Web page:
By the early eighteen hundreds, residents of Gilsum, started digging, chipping and blasting these exposed ledges, trying to extract the minerals they found for money. There was feldspar used for glass and ceramics, beryl for nuclear reactors and most importantly was mica which according to Peter Nielsen, chair of the Geology department at Keene State College, had a long list of uses.
Watch as Keene State College Geology Professor Peter Nielsen explains what the different minerals found in Gilsum look like:
“The earliest use of mica was probably for windows. As technology advanced, people began to discover they could grind up the mica and use it as a filler or an additive, a lot of the paints that have a sparkle to them, its ground up mica in there.”
At one time, tiny Gilsum cornered the market on mica, producing 100 percent of the nation’s supply. As miners pulled out large sheets of the mineral, the shiny extra shards would amass in large grout piles, while the gemmy clumps of quartz and garnets, that at that time had little use, would litter along the side of the roads. Longtime residents Ralph Jernberg and Dennis Moleski remember a town that on certain days would glimmer and sparkle.
“After a rainstorm, the roads of Gilsum, all just shined with all these little garnets, there would be millions of them that lined the road that just made the roads all red. And there was this one pile from the French Mine, and a writer for some NH tourist magazine in the 60s he likened it to a Tolkenesque scene with this mound of sparkle.”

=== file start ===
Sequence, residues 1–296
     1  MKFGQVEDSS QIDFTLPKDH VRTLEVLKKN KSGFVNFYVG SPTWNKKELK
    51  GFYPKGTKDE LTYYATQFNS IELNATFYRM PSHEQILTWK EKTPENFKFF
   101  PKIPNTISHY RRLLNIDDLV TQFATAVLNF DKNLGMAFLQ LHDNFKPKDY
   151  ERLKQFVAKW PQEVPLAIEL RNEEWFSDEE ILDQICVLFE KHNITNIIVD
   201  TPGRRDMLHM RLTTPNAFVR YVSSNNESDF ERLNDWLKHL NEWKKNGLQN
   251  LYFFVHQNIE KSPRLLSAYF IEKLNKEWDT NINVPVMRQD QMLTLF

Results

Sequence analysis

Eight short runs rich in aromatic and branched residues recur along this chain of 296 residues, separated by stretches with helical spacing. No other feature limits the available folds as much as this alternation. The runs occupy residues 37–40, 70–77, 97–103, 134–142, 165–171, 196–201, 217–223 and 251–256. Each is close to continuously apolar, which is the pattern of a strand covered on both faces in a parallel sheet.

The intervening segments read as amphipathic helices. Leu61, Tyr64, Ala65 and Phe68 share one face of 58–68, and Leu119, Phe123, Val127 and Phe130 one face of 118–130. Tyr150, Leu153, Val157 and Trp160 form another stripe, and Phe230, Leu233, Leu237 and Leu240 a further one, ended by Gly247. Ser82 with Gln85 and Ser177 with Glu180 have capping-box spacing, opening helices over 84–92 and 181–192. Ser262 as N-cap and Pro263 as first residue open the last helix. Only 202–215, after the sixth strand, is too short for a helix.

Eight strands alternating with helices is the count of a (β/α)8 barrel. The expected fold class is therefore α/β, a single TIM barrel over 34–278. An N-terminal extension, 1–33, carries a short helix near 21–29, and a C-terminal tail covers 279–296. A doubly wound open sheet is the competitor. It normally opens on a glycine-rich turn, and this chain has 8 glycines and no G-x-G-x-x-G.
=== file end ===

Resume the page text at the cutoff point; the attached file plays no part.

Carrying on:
But by the mid-20th century, the sparkle of the mines began to lose its luster. The mineral could be found more cheaply elsewhere and many of the mines closed up. But every summer, Gilsum reclaims a little of its dazzling past at the town hosted Rock Swap.
(Here are your rocks, they have the labels of what they are, where they came from and let me get you a receipt)
It all traces back to Francis ‘Bunk’ Maloney. The former town Postmaster and miner, was an avid rock collector. In 1964, he came up with an idea of a fundraiser where other mineral collectors would come for a ‘rock swap’. Rob Mitchell is the current President of the Gilsum Recreation Committee that puts on the Swap and Mineral show.
“You had this real interest in the late 60s and the 70s in mineral collecting and there were all of these clubs all over the country that would do these swaps and they started flocking here and by the mid-70s, there were 10,000 people coming to this little town, all meeting up on this field to trade minerals”
This June, the town celebrated its 49th Rock Swap.
(Your attention please, the 5:45 seating of the ham and bean dinner at the Rock Swap)
A month later, Gilsum officially celebrated its 250th anniversary. On top of a week’s worth of activities, many tied to its mining past, the town came out with a commemorative bronze coin with its incorporation date of 1763 on one side and its famous Stone Arch Bridge on the other to celebrate a town with a rich culture and a good amount of pride, because according to the people who live here.
“Gilsum Rocks!” (laughter)
For New Hampshire Public Radio, I’m Keith Shields
“…may the quartz be with you.”